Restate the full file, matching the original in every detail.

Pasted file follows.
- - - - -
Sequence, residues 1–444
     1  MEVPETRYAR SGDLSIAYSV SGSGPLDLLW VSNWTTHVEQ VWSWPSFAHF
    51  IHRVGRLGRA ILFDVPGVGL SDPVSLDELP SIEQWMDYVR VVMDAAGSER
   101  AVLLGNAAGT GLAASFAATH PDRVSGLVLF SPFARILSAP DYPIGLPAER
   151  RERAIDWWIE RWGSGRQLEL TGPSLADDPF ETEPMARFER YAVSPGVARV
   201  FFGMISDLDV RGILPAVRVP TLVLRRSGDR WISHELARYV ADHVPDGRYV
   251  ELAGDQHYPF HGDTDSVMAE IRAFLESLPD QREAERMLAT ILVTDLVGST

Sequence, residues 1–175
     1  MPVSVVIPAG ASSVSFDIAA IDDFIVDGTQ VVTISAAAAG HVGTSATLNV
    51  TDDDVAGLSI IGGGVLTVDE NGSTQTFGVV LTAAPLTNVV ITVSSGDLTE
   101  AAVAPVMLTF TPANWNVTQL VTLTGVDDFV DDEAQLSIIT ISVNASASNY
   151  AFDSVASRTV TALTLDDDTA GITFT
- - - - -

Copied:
Sequence, residues 1–444
     1  MEVPETRYAR SGDLSIAYSV SGSGPLDLLW VSNWTTHVEQ VWSWPSFAHF
    51  IHRVGRLGRA ILFDVPGVGL SDPVSLDELP SIEQWMDYVR VVMDAAGSER
   101  AVLLGNAAGT GLAASFAATH PDRVSGLVLF SPFARILSAP DYPIGLPAER
   151  RERAIDWWIE RWGSGRQLEL TGPSLADDPF ETEPMARFER YAVSPGVARV
   201  FFGMISDLDV RGILPAVRVP TLVLRRSGDR WISHELARYV ADHVPDGRYV
   251  ELAGDQHYPF HGDTDSVMAE IRAFLESLPD QREAERMLAT ILVTDLVGST

Sequence, residues 1–175
     1  MPVSVVIPAG ASSVSFDIAA IDDFIVDGTQ VVTISAAAAG HVGTSATLNV
    51  TDDDVAGLSI IGGGVLTVDE NGSTQTFGVV LTAAPLTNVV ITVSSGDLTE
   101  AAVAPVMLTF TPANWNVTQL VTLTGVDDFV DDEAQLSIIT ISVNASASNY
   151  AFDSVASRTV TALTLDDDTA GITFT